Teaching about shapes, patterns and symmetry is one of my favorite topics in geometry. It's a time when I teach kids and teachers about quilts and we actually construct them, from both paper and cloth. It was my love for geometry, quilts and poetry that led me to Anna Grossnickle Hines.
When I found the book Pieces: A Year in Poems & Quilts, I was drawn immediately by the cover--an actual quilt. (Click on the book cover for a better view.) In fact, all of the illustrations are quilts, each one made by Anna. The flap copy about Anna reads:
Anna did not do any serious quilting until she decided to use quilts to illustrate the poems in this book. Inspired by her mother, who has been making prizewinning quilts since her retirement, Anna made her first quilt for the book in 1996. Working between other projects she pieced four more over the next two years, and from April through November 1999 made the fourteen remaining quilts.I was in awe! Before even reading the poems I read "The Story Behind the Quilts", a two page illustrated description of the process. I was surprised to learn that each of the finished quilts was only 12 x 18 inches! Given the detail in the quilts, this must have been painstaking work.
Before we look at Anna's poetry and learn more about her quilts, let's learn a bit more about her.
How did you get started writing poetry? What got you hooked on children’s poetry?Anna: When my first baby was born I read aloud to her a lot because it seemed to sooth her. At first I read whatever I happened to be reading at the time, beginning with a book on Iroquois culture, as I recall. But soon I found that reading poetry was more fun. I read e.e. cummings, Robert Frost, and A. A. Milne. Then I got a big anthology, Helen Ferris’s Favorite Poems Old and New, and Marguerite de Angeli’s Big Book of Nursery and Mother Goose Rhymes. I loved reading poetry to Bethany and it continued to be a comfort to her, helping through teething and illnesses. When she was three, she had a high fever and I put her in the tub to sponge her off. “Read me a poem,” she said, so there I was, sponging her off with one hand and holding the poetry book in the other. I like the simplicity and directness of poetry written for children, and the fun of the language play. Once I was reading poetry, writing it just came naturally.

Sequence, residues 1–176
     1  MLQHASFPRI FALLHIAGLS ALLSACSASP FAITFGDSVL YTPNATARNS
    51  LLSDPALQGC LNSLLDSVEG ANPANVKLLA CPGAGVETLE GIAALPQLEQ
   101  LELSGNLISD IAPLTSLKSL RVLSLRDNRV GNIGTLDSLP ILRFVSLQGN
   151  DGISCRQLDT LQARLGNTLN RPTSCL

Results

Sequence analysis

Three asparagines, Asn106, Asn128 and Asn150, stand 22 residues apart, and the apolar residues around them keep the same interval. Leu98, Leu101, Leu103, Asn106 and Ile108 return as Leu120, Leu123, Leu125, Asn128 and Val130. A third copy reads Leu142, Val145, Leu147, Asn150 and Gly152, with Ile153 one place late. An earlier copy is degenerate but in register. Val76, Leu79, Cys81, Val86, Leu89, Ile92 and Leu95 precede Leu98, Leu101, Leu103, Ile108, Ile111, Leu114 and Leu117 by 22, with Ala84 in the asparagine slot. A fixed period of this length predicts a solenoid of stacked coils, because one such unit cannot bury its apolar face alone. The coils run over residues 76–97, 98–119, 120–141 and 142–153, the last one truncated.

I’ve taken several poetry workshops now, which I find inspiring and enjoy for the time spent connecting with other writers.
What are the things you enjoy most about writing poetry for children/young adults?
Anna: Just doing it.
Who/what made you want to write?
Anna: For me it started with drawing. I loved making pictures and at the age of seven realized that somebody must have the job of making the pictures in my books. I wanted that job. As a young adult, working with children and sharing books with them, I realized that I wanted to write them as well. Most of my early writing was poetry, though the first works to be published were stories.
Have you had any formal poetry training? If not, how did you learn to write what you do?
Anna: When I began writing I had only taken the required literature and composition classes required of all liberal arts majors, and one class in children’s literature. I learned to write by reading and by sharing books and poetry with children, noting what touched me and them.
Can describe your poetry writing process?